Yoga for Diabetes Prevention

We're happy to partner with Burke County Public Library's Diabetes Prevention Program (DPP) in bringing information and tools to our local family for the prevention of type 2 diabetes -- a long-standing health issue in Burke County and one that has grown to affect more than 300 million people worldwide. Our Library's DPP is aimed at people who are prediabetic with the goal of preventing progression of health factors that lead to full-blown diabetes.

Breathe instructors will provide two yoga classes in April for BCPL's Diabetes Prevention Program:

  • Tues Apr 25, 2017 at 10am, Waldensian Presbyterian Church in Valdese
  • Wed Apr 26, 2017 at 4pm, at J Iverson Riddle Center, Gymnasium

What is prediabetes and how can yoga help?

According to the Mayo Clinic, prediabetes means that a person's blood sugar level is higher than normal but not yet high enough to be type 2 diabetes. Without lifestyle changes, people with prediabetes are very likely to progress to type 2 diabetes. Changes in diet, stress, and other forms of self-care can help a person reduce their health factors that would lead to diabetes. Regarding the whole-person (the yogic perspective), these lifestyle changes will lead to ALL SORTS of positive prevention measures for a variety of diseases.

Researchers have theorized that "high inhibition", or the capacity to resist the temptation to engage in negative thoughts and unhealthy behaviors, reduces diabetes 2 risk. Studies also show that anxiety is significant risk factors for poor health. When it comes to type 2 diabetes, both are linked to a greater inflammatory response, which is a reliable predictor of diabetes onset and progression.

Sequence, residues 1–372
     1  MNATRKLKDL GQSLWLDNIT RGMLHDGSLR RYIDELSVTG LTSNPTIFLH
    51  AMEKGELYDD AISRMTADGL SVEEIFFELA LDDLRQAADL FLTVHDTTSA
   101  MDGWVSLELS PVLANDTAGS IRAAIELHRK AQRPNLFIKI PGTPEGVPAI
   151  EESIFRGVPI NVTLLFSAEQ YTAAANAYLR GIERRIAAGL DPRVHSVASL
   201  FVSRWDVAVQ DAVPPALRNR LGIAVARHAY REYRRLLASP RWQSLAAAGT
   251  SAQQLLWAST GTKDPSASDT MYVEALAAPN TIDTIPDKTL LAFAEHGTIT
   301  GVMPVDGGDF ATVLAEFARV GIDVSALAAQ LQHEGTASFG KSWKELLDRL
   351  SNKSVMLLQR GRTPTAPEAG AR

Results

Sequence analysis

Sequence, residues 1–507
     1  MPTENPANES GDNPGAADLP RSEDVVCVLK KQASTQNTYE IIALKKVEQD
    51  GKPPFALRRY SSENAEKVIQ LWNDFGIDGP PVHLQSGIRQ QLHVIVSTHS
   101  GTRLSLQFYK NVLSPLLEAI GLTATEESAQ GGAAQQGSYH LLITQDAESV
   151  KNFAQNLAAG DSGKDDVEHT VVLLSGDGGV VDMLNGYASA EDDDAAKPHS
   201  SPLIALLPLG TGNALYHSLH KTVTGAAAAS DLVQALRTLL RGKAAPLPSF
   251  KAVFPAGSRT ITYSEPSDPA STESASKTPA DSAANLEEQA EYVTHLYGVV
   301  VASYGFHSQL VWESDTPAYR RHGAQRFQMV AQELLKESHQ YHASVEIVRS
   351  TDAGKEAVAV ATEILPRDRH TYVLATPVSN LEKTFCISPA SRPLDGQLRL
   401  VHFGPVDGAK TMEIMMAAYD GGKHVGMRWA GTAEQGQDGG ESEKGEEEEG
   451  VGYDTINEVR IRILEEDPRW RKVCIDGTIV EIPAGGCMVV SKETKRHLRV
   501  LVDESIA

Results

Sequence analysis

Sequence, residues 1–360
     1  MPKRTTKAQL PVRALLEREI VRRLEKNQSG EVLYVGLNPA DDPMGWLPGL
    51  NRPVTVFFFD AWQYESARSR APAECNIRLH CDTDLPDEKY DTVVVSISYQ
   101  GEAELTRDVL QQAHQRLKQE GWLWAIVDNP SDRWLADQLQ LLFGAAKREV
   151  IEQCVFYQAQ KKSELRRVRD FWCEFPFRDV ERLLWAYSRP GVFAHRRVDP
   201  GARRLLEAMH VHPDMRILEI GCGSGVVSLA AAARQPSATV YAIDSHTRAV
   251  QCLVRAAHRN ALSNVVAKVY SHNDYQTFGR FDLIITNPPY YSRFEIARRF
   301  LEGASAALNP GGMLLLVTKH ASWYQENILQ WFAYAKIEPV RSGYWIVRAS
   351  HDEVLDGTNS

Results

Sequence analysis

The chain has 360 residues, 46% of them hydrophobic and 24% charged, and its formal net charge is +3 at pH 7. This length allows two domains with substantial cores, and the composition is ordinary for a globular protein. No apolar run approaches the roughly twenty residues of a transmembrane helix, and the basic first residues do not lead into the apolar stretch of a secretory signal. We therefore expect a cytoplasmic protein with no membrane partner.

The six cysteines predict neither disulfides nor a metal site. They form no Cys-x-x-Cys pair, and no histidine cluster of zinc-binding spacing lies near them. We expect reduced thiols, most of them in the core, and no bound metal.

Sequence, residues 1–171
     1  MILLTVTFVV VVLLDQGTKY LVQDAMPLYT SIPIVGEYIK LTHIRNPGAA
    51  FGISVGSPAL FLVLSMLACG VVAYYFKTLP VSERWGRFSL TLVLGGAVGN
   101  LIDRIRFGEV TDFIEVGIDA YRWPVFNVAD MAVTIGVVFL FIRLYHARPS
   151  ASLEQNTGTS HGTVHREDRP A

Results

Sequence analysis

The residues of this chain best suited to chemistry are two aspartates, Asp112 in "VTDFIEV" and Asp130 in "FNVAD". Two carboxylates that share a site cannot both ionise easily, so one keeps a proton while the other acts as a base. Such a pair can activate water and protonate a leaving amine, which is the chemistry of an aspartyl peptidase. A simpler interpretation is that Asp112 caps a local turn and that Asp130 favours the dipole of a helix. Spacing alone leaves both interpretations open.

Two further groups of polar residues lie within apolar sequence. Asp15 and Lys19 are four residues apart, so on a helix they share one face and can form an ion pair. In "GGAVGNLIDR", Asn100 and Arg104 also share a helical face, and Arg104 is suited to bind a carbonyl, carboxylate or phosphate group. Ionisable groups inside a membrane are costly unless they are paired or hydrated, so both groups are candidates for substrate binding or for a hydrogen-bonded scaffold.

Emerging evidence shows that mindfulness practices like yoga and meditation stimulate the relaxation response, which counteracts anxiety. Also, brain studies suggest that mindfulness-based practices are linked to positive changes in our neurology which engage the parasympathetic nervous system (relaxation response) and reducing ruminative thoughts (habits of worry and negativity).

Yoga trials involving individuals with types 2 diabetes found that regular yoga practice improved sugar levels, decreased hypertension, and altered body weight and positively affected other health factors. One key study by Dr. K.E. Innes and Dr. T.K. Selfe, was published at PubMed called Risk indices associated with the insulin resistance syndrome, cardiovascular disease, and possible protection with yoga: a systematic review.

It's easy to understand why leading holistic wellness practices are recommending regular yoga practice to decrease inflammation, increase relaxation and mood, enhance wellbeing, and lower diabetes risk. These practices are also consistent with a healthy lifestyle, such as eating nutritious foods, exercising regularly, and engaging in social activities.

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